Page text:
Now Hiring Regional Technician 

Now Hiring Regional Technician 
Salary Range $47,797 to $110,224 per year

Open to residents of Santa Barbara, Ventura, or San Luis Obisbo Counties


HOW TO APPLY: To apply on-line, you must complete and apply through the USAJOBS website using the link below. To begin, click the “Apply” button and follow the prompts to either create a profile or sign-in to your USAJOBS account, answer the questions, and submit all required documents.



The U.S. Census Bureau is an Equal Opportunity Employer.

Los Angeles Regional Census Center Recruiting Team
U.S. Census Bureau Los Angeles Regional Census Center
Office 213.314.6502  Toll free:  1.855.314.6664

Now Hiring Census Field Manager – Camarillo, CA

Now Hiring Census Field Manager – Camarillo, CA

Salary Range $25.00 per hour


HOW TO APPLY: To apply on-line, you must complete and apply through the USAJOBS website using the link below. To begin, click the “Apply” button and follow the prompts to either create a profile or sign-in to your USAJOBS account, answer the questions, and submit all required documents.



The U.S. Census Bureau is an Equal Opportunity Employer.

Los Angeles Regional Census Center Recruiting Team
U.S. Census Bureau Los Angeles Regional Census Center
Office 213.314.6502  Toll free:  1.855.314.6664

Speaker stresses importance of census


Every 10 years the U.S. Census Bureau rolls out a survey to collect general data about residents in the country.

A local leader says that some people may not realize that if they don’t complete the survey it can mean a loss of federal funding to pay for medical, educational and housing programs, as well as some public improvements.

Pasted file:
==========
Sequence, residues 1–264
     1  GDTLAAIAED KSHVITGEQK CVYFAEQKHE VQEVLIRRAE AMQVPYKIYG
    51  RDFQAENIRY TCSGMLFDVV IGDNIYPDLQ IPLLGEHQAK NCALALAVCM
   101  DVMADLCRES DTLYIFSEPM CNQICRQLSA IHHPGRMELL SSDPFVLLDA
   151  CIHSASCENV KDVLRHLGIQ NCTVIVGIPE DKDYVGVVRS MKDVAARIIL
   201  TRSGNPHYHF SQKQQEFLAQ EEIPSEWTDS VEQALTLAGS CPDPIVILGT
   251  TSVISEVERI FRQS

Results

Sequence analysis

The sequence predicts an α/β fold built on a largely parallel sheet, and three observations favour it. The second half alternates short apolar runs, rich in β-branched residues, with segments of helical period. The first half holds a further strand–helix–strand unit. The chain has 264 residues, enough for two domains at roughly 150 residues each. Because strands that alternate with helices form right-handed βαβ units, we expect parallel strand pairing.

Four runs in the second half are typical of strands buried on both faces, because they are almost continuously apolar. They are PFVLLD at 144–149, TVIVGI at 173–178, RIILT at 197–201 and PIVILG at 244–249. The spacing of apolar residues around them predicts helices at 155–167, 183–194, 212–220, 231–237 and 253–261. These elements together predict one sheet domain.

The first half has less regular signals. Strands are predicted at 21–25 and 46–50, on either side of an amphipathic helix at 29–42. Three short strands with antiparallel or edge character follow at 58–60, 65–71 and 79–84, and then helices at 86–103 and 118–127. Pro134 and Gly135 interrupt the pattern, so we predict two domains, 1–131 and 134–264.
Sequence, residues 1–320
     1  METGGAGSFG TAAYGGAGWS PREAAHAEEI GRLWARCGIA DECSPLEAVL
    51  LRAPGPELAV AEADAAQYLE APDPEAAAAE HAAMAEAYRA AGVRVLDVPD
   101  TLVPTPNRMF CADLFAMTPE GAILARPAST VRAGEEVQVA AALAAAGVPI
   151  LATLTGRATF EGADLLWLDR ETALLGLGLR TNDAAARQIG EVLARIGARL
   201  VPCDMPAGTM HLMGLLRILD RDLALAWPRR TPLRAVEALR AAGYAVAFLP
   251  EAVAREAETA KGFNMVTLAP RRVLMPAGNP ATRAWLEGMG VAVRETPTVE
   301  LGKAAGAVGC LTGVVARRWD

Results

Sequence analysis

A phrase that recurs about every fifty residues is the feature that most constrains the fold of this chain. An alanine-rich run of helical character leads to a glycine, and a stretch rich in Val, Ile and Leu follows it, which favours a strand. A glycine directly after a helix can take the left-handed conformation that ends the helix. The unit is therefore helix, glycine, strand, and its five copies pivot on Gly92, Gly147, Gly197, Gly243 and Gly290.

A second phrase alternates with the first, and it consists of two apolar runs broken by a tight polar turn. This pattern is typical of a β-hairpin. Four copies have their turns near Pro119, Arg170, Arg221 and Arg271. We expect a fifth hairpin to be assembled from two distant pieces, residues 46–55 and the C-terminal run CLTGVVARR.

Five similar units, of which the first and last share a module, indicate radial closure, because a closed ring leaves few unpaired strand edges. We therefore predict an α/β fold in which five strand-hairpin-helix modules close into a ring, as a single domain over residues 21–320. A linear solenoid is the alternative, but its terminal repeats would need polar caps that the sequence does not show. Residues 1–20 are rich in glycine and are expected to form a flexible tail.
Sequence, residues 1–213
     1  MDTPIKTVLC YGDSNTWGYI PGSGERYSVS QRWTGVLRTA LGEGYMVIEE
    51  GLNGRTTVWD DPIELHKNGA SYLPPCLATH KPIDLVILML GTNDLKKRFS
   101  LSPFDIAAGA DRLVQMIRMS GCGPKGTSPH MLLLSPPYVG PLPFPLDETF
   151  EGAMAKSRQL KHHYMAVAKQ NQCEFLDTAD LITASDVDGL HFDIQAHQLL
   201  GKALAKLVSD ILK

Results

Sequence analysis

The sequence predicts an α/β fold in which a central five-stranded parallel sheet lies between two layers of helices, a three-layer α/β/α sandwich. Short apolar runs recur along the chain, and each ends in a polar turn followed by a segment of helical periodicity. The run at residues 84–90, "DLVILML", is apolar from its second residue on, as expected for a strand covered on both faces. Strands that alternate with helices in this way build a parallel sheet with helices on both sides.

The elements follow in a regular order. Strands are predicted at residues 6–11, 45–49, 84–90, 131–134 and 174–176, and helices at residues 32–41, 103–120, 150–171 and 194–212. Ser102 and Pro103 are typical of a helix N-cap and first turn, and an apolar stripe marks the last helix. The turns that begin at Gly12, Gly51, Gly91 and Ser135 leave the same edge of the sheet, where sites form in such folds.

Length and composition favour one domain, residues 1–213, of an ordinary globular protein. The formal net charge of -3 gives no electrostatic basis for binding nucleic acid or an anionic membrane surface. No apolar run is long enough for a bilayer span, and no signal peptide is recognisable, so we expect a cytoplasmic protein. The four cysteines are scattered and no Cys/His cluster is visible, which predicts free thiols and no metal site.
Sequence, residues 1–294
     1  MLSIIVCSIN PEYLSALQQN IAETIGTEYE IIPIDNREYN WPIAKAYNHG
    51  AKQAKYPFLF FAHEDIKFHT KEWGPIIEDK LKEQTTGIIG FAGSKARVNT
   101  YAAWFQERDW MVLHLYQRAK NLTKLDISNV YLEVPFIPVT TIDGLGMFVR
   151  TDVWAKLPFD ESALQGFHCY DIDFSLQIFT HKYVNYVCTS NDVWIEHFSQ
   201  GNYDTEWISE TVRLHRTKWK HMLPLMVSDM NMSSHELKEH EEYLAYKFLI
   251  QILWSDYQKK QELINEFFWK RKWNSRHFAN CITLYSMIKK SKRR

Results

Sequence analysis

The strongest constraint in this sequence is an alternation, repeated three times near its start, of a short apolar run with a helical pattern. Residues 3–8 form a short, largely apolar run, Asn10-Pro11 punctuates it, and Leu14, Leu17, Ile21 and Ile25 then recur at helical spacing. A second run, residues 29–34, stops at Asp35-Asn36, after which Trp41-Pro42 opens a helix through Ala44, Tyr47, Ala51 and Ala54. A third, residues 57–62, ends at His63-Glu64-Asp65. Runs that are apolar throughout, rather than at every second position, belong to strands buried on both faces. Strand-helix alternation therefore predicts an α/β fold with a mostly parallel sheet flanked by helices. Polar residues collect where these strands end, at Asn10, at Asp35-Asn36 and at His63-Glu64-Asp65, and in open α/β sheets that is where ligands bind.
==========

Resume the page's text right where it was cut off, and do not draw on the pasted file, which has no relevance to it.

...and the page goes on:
“It is absolutely the most pressing issue facing our community right now,” said Vanessa Bechtel, president and CEO of the Ventura County Community Foundation.

“If we don’t get it right next year, it will have generational consequences that will play out until all of us are dead.”

Bechtel’s words at a Simi Valley Chamber of Commerce luncheon on July 16 underscore how critical it is that the number of residents in the county be correctly calculated in the 2020 United States census.

The census collects general data about the number of individuals who live in the United States. Everyone needs to be counted, Bechtel said, because the results determine how and where more than $675 billion in federal tax dollars is distributed and spent each year.

For each uncounted resident, the county they live in could lose up to $2,000 annually in social safety services for the next 10 years, Bechtel said.

Locally, the census determines where retail stores, schools, hospitals and new housing developments might be needed.

Job training programs, rural and industry development loans, transportation, water safety and policing could all be negatively affected by an undercount, Bechtel said.

The survey data decides how many seats each state will have in the U.S. House of Representatives. As of the 2010 census, Congressional districts averaged about 700,000 constituents each.

If there is a significant undercount in California, seats could be lost, Bechtel said.

According to the foundation, out of more than 3,000 counties in the nation, Ventura County is ranked 59th most at risk of a census undercount.